Skip to main content

They Rescue the Rescuers Page 2

Every day, men and women of the Coast Guard risk their lives to save people in need in the oceans, rivers and bays across the country. But who takes care of the Coast Guard? The Coast Guard Foundation, now in its 40th year, is honoring its officers with a new one-in-a-million campaign and various celebrations. October 28, 2009: A Coast Guard helicopter rescued five people after their boat

The Coast Guard Foundation, which is celebrating its 40th anniversary this year, exists to “rescue the rescuers,” says Brengle. They raise money to support the men and women of the Coast Guard, take care of their families and help their children attend college. Last week, after the tragic collision of a Coast Guard plane with a Marine Corps helicopter off the coast of California, it took the Foundation a mere 48 hours to raise $40,000 so that the relatives of the crew could fly to the memorial service. “We’re very nimble at being able to mobilize around a tragedy,” says Brengle.

Though the Coast Guard falls under the umbrella of the Department of Homeland Security, it is not considered part of the Department of Defense, so funding comes exclusively from private funds and grants. “They’re one of the most under-funded branches of the service, and that’s where we come in,” says Brengle.

In addition to the one-in-a-million campaign, the Foundation hosts several annual events to raise funds and awareness of the Coast Guard. On November 12 it hosted a dinner in St. Petersburg, Florida to celebrate Coast Guard heroes, presenting an Exceptional Performance of Duty award to the crew of a cutter that interrupted a vessel in the Bahamas with 32 migrants on board. They also recognized the bravery of an aircrew that went 100 miles east of Cape Canaveral to save the lives of three drifting sailors aboard their 52-foot vessel.

In October, the Foundation hosted an event at the Marriot Marquis in New York, New York, where 700 guests recognized Petty Officer Ben Foster. The 24-year-old was at the scene in January 2009 when US Airways Flight 1549 crashed into the Hudson River. When Foster witnessed a passenger slip off of the icy wing into the frigid waters without a life jacket, he dove in, rupturing an artery in his leg. Though he was later put in intensive care, Foster ignored the injury at the time and continued rescuing passengers for hours. At the Marriott, he received the Meritorious Service Medal for his courage. In his speech, Foster said he was merely doing his job, “That’s why I joined the Coast Guard…the whole thing is bigger than an award. The most important thing is that we saved everybody that day.”

These rescues are a sampling of the heroic and selfless acts performed by the men and women of the Coast Guard every day. As the one-in-a-million website gains momentum, more people will be able to thank and honor the Coast Guard for their efforts as the Foundation continues to offer their support. As Brengle puts it, someone has to rescue the rescuers.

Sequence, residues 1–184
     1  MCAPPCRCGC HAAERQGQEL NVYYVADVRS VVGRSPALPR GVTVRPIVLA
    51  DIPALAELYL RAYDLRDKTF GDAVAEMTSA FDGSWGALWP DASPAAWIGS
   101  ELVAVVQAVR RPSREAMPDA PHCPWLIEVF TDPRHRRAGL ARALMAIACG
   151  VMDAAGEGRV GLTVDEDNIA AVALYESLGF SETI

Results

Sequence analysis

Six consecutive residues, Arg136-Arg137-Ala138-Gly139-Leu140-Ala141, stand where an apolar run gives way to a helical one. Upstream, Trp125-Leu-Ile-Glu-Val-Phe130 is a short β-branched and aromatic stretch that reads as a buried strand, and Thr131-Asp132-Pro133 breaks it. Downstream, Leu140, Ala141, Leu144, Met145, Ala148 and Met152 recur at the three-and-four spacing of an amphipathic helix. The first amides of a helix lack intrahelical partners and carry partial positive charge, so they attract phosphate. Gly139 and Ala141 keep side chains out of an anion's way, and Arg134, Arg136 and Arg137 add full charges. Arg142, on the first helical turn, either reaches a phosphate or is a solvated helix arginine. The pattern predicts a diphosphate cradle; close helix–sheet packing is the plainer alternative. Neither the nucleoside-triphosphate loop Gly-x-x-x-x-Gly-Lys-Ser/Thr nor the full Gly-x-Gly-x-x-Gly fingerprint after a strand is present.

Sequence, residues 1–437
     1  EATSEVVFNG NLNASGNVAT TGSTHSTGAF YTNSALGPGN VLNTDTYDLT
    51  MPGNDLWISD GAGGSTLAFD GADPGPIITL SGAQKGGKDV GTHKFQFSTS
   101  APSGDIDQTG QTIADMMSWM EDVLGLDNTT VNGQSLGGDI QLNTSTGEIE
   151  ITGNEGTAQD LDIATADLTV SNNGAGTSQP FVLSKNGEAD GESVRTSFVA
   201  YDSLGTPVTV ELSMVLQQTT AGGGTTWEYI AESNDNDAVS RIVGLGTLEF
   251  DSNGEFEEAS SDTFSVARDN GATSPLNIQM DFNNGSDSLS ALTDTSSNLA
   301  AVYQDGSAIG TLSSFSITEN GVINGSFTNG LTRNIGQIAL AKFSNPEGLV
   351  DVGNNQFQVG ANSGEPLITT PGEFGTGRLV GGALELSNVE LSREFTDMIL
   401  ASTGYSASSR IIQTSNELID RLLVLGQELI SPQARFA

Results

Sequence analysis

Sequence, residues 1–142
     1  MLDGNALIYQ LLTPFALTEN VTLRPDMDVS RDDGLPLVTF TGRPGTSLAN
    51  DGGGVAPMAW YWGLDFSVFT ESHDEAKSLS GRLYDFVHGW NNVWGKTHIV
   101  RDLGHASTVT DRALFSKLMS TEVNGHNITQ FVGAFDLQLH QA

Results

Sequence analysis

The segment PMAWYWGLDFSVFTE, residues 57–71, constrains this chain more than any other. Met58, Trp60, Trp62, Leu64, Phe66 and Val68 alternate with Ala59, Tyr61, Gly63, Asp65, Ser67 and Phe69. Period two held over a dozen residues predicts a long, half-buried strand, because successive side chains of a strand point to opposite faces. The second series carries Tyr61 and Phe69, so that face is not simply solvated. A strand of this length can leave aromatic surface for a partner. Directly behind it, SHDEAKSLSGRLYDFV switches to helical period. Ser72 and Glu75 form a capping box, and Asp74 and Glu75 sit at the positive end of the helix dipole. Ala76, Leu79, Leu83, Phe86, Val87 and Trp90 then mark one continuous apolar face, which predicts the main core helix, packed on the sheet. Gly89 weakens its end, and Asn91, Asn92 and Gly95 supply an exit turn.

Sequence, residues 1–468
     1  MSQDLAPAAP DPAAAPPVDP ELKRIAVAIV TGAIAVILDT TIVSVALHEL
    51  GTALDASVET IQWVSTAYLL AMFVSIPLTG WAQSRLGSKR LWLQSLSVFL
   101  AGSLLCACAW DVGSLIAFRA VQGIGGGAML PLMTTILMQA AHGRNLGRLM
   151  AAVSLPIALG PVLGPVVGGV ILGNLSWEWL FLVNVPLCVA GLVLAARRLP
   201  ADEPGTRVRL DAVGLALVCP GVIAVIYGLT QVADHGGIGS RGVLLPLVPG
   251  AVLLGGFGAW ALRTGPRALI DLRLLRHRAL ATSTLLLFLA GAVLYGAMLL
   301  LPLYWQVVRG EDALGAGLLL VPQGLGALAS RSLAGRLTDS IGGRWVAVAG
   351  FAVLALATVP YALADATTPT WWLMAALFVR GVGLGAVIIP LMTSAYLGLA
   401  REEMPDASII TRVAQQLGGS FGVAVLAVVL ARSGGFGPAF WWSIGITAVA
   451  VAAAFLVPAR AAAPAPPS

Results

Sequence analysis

Related

00LEAD

A Force for Change: Captain Liz Gillooly

I first heard about Capt. Liz Gillooly in 2016 from my cousin while working three jobs in our shared hometown on the North Fork of Long Island and living with my parents to save money for a boat. But despite being the same age and growing up only 13 miles apart, Liz and I never ...read more

291726157_3222349914654950_8713674249134934221_n-2-1024x684

Sailing in the Growth Zone

The Goal This year, I’ve had a specific goal to be a better sailor. Some people have laughed and said, “Why do you need to be a better sailor? This was my 22nd year racing on the same boat, with the same crew. I like to win and want to make sure we stay at the top of the fleet. ...read more

00LEAD-Thomas-on-%22Melody%22-2004

The Extraordinary Life and Mysterious Disappearance of Thomas Thor Tangvald

The first boat Thomas Tangvald ever owned was just 22 feet long. She was an odd craft, a narrow plywood scow with a flat bottom, leeboards on either side, and square ends—little more than a daysailer with a rotting deck and tiny cabinhouse tacked on. Thomas paid just $200 for ...read more

VIPCAshowbynight

USVI Charter Yacht Show Showcases a Flourishing Industry

As the U.S. Virgin Islands continues to attract sailors seeking to charter and explore the pristine territory on their own, the immense growth and expanded options for a crewed yacht or term charters have exploded here over the past five years. Last week, the USVI Charter ...read more

Screen-Shot-2022-11-21-at-9.48.33-AM

Personal Locator Beacon Wins Top Design Award

The Ocean Signal RescueME PLB3 AIS Personal Locator took top honors at the 2022 DAME Design Awards, while Aceleron Essential, a cobalt-free lithium-iron phosphate battery with replaceable and upgradeable parts, won the first DAME Environmental Design Award. Announced each year ...read more

tracker

EPIRB in the Golden Globe Race

Tapio Lehtinen’s boat sank early this morning southeast of South Africa while racing the Golden Globe Race, a faithfully low-tech reproduction of the 1968 Sunday Times Golden Globe. The boat went down quickly and stern-first according to the skipper’s emergency transmissions. ...read more

99640-victoire-de-charles-caudrelier-a-bord-du-maxi-edmond-de-rothschild-r-1200-900

Victory, Tragedy in the Route du Rhum

The 2022 Route du Rhum was a highly anticipated event in the ocean racing calendar, but few could have predicted exactly how challenging, dramatic, and tragic it would ultimately prove. French yachtsman Charles Caudrelier took home gold aboard the Ultim maxi trimaran Maxi Edmond ...read more

DSC_1879

Boat Review: Lyman-Morse LM46

Lyman-Morse has been building fine yachts in Thomaston, Maine, ever since Cabot Lyman first joined forces with Roger Morse back in 1978. With experience creating and modifying boats built of various materials, backed by its own in-house fabrication facility, the firm has ...read more